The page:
Section I. Religious Demography
The U.S. government estimates the total population at 33.3 million (July 2016 estimate). There are no reliable statistics available concerning the percentages of Shia and Sunni Muslims in the country; the government’s Central Statistics Office does not collect data disaggregated in this way. Shia leaders claim Shia make up approximately 20-25 percent of the population, while Sunni leaders claim the Shia comprise only 10 percent.
The Shia population includes Ismailis and a majority of ethnic Hazaras. Other religious groups, mainly Hindus, Sikhs, Bahais, and Christians, comprise less than 0.3 percent of the population. The number of Sikhs and Hindus is declining due to emigration. Sikh and Hindu leaders estimate there are 180 Sikh and Hindu families totaling 900 individuals, which is a decline from 343 families totaling 2,000 individuals in 2015. Reliable estimates of the Bahai and Christian communities are not available. There are small numbers of practitioners of other religions, including one Jew.
The Hazaras live predominantly in the central and western provinces, while the Ismailis live mainly in Kabul and in the central and northern provinces. Followers of the Bahai Faith are based predominantly in Kabul, with a small community in Kandahar.
Section III. Status of Societal Respect for Religious Freedom
Sikhs, Hindus, Christians, and other non-Muslim minorities stated they continued to face harassment and, in some cases, violence, although Hindus and Sikhs continued to be able to practice their religions publicly. Members of the Hindu community said they continued to face fewer incidents of harassment than Sikhs, ascribing the difference to their lack of a distinctive male headdress. Despite the differences between the groups, many Afghans reportedly continued to use the terms Sikh and Hindu interchangeably. Because religion and ethnicity are often closely linked, it was often difficult to categorize many incidents as being solely based on religious identity.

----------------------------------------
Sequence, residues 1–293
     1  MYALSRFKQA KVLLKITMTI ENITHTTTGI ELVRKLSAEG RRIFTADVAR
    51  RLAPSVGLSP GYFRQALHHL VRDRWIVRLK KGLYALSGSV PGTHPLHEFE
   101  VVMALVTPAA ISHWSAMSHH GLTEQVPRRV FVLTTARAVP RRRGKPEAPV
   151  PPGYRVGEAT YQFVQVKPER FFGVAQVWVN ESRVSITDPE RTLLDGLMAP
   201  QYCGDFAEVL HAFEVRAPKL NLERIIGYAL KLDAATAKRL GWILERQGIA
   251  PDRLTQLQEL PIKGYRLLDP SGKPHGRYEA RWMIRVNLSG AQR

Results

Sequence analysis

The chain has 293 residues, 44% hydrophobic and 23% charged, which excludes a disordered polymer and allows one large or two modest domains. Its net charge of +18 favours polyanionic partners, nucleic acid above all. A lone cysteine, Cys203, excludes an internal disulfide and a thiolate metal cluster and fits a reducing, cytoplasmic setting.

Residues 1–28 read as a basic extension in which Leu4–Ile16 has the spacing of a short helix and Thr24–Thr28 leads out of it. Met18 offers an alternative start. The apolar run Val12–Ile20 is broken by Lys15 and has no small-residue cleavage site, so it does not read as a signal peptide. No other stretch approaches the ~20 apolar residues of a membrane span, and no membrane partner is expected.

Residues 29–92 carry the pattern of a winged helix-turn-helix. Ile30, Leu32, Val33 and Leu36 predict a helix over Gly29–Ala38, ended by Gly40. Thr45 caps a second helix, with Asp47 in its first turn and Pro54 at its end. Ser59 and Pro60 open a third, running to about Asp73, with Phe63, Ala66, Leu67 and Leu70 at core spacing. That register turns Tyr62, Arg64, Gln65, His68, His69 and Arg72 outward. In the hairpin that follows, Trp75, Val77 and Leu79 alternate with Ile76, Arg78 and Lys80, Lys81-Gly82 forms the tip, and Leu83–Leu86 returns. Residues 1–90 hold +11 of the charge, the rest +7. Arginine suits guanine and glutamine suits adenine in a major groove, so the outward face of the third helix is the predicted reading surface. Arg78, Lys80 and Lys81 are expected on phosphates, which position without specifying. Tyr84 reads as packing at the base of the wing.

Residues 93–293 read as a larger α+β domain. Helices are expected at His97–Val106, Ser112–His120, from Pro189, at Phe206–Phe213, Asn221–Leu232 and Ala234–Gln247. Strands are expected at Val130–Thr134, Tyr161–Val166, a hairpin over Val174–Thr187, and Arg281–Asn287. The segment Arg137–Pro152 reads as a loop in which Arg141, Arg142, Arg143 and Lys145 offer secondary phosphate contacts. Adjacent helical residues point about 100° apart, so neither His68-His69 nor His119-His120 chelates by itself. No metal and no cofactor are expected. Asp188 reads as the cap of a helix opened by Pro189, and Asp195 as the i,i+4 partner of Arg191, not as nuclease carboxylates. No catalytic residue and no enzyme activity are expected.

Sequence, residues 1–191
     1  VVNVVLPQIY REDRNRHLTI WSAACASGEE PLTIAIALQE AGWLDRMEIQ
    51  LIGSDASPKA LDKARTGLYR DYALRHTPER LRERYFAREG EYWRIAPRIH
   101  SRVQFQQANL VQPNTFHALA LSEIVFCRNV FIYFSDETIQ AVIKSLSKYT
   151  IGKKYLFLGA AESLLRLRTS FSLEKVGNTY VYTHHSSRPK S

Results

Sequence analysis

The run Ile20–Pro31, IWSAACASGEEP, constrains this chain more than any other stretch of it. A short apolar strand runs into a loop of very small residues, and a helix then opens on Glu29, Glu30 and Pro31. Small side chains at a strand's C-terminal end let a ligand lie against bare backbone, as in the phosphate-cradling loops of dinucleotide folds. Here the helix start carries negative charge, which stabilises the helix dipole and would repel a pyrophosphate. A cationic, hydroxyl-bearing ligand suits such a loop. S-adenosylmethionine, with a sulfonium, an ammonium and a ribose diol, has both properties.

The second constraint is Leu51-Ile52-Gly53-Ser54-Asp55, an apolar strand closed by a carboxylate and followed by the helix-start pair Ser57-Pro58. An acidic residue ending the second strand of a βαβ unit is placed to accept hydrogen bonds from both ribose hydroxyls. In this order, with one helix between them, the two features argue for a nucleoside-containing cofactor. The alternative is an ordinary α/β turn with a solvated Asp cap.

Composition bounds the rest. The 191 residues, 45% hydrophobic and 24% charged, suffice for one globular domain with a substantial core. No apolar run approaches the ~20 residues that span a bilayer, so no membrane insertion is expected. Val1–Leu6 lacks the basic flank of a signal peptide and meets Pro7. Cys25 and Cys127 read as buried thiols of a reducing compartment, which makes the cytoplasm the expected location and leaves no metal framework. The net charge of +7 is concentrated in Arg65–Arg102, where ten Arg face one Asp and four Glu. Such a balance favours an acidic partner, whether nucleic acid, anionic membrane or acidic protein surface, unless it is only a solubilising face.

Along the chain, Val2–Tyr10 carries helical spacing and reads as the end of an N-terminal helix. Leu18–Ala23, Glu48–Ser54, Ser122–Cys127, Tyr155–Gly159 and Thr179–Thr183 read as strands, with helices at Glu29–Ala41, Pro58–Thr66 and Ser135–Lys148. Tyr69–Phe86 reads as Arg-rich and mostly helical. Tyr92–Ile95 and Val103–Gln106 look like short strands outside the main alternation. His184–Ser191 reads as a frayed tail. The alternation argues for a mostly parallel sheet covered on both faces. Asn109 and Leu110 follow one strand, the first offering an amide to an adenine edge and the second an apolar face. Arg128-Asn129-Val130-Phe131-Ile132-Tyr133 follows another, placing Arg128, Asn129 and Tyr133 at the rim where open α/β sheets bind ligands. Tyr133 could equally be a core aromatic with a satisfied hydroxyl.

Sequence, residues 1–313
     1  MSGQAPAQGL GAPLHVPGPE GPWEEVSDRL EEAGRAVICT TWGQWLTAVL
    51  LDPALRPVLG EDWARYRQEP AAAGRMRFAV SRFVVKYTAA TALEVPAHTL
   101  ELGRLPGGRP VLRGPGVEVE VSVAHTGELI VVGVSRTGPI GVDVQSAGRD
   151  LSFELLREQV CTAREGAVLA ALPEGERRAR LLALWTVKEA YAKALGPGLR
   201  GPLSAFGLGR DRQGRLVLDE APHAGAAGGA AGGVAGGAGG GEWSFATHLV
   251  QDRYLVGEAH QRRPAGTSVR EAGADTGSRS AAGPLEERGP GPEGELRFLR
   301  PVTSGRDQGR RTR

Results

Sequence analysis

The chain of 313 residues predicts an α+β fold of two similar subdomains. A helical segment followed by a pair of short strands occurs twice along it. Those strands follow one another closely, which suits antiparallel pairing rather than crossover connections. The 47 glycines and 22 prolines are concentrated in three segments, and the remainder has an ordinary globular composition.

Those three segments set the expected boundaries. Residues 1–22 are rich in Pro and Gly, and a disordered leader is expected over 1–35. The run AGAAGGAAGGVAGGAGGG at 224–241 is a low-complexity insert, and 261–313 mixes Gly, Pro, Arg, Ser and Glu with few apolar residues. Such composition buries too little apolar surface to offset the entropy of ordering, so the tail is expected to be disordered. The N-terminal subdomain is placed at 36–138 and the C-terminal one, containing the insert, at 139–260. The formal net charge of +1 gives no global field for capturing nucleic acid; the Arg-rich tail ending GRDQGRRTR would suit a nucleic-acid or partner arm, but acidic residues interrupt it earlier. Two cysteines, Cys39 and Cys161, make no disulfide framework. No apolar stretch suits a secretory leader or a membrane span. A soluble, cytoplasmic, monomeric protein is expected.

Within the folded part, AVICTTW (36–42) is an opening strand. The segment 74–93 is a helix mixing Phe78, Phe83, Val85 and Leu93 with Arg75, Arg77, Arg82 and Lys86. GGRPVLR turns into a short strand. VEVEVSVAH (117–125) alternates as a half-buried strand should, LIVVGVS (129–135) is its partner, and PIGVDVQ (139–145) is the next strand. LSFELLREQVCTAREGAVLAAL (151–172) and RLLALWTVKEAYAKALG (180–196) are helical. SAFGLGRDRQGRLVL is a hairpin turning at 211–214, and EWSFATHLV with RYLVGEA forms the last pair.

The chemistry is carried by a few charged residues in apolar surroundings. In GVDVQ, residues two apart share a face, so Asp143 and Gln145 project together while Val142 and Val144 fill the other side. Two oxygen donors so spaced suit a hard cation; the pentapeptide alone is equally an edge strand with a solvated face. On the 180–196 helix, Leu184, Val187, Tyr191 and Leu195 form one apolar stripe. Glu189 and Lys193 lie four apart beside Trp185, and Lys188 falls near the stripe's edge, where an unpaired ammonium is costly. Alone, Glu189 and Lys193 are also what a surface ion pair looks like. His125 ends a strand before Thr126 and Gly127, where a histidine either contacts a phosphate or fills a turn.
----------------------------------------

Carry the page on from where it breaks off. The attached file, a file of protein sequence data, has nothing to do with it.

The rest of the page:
According to the leader of the Sikh community, in September a man with a sword reportedly pounded on the gate of a Sikh temple in Kabul, shouting “convert to Islam.” A week after the incident, the leader of the Hindu/Sikh community reported he found a cow’s head in front of its temple compound in Kabul. Some Sikhs reported instances in which residents and high-ranking government officials told them they were “not from Afghanistan,” that they were “Indians,” and “did not belong here.”
Christians continued to report hostile public opinion toward converts to Christianity and to the idea of Christian proselytizing. Members of the Christian community, who often had converted to Christianity while in other countries, said they continued to worship alone or in small congregations in private homes out of fear of societal discrimination and persecution.
Women of several different religions reported local Muslim religious leaders continued to confront them over their attire. As a result, they said, many women continued to wear burqas in public in rural areas and in some urban areas. In urban areas, where most women no longer wore the burqa, almost all women said they continued to wear some form of head covering, either by personal choice or due to societal pressure. Many said they chose to cover to increase their security in public. The Ministry of Hajj and Religious Affairs and the National Ulema Council both stated there was no official pressure on women regarding their attire.